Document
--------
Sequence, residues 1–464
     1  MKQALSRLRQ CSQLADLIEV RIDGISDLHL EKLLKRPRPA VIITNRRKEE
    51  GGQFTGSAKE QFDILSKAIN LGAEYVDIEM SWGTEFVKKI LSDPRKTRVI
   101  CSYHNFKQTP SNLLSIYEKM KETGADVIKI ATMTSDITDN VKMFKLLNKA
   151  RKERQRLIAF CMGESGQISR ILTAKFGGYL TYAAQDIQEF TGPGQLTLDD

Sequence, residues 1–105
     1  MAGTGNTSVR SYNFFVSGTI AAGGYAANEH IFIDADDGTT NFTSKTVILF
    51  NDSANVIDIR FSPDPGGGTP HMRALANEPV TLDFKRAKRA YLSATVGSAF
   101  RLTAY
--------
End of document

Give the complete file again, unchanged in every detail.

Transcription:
Sequence, residues 1–464
     1  MKQALSRLRQ CSQLADLIEV RIDGISDLHL EKLLKRPRPA VIITNRRKEE
    51  GGQFTGSAKE QFDILSKAIN LGAEYVDIEM SWGTEFVKKI LSDPRKTRVI
   101  CSYHNFKQTP SNLLSIYEKM KETGADVIKI ATMTSDITDN VKMFKLLNKA
   151  RKERQRLIAF CMGESGQISR ILTAKFGGYL TYAAQDIQEF TGPGQLTLDD

Sequence, residues 1–105
     1  MAGTGNTSVR SYNFFVSGTI AAGGYAANEH IFIDADDGTT NFTSKTVILF
    51  NDSANVIDIR FSPDPGGGTP HMRALANEPV TLDFKRAKRA YLSATVGSAF
   101  RLTAY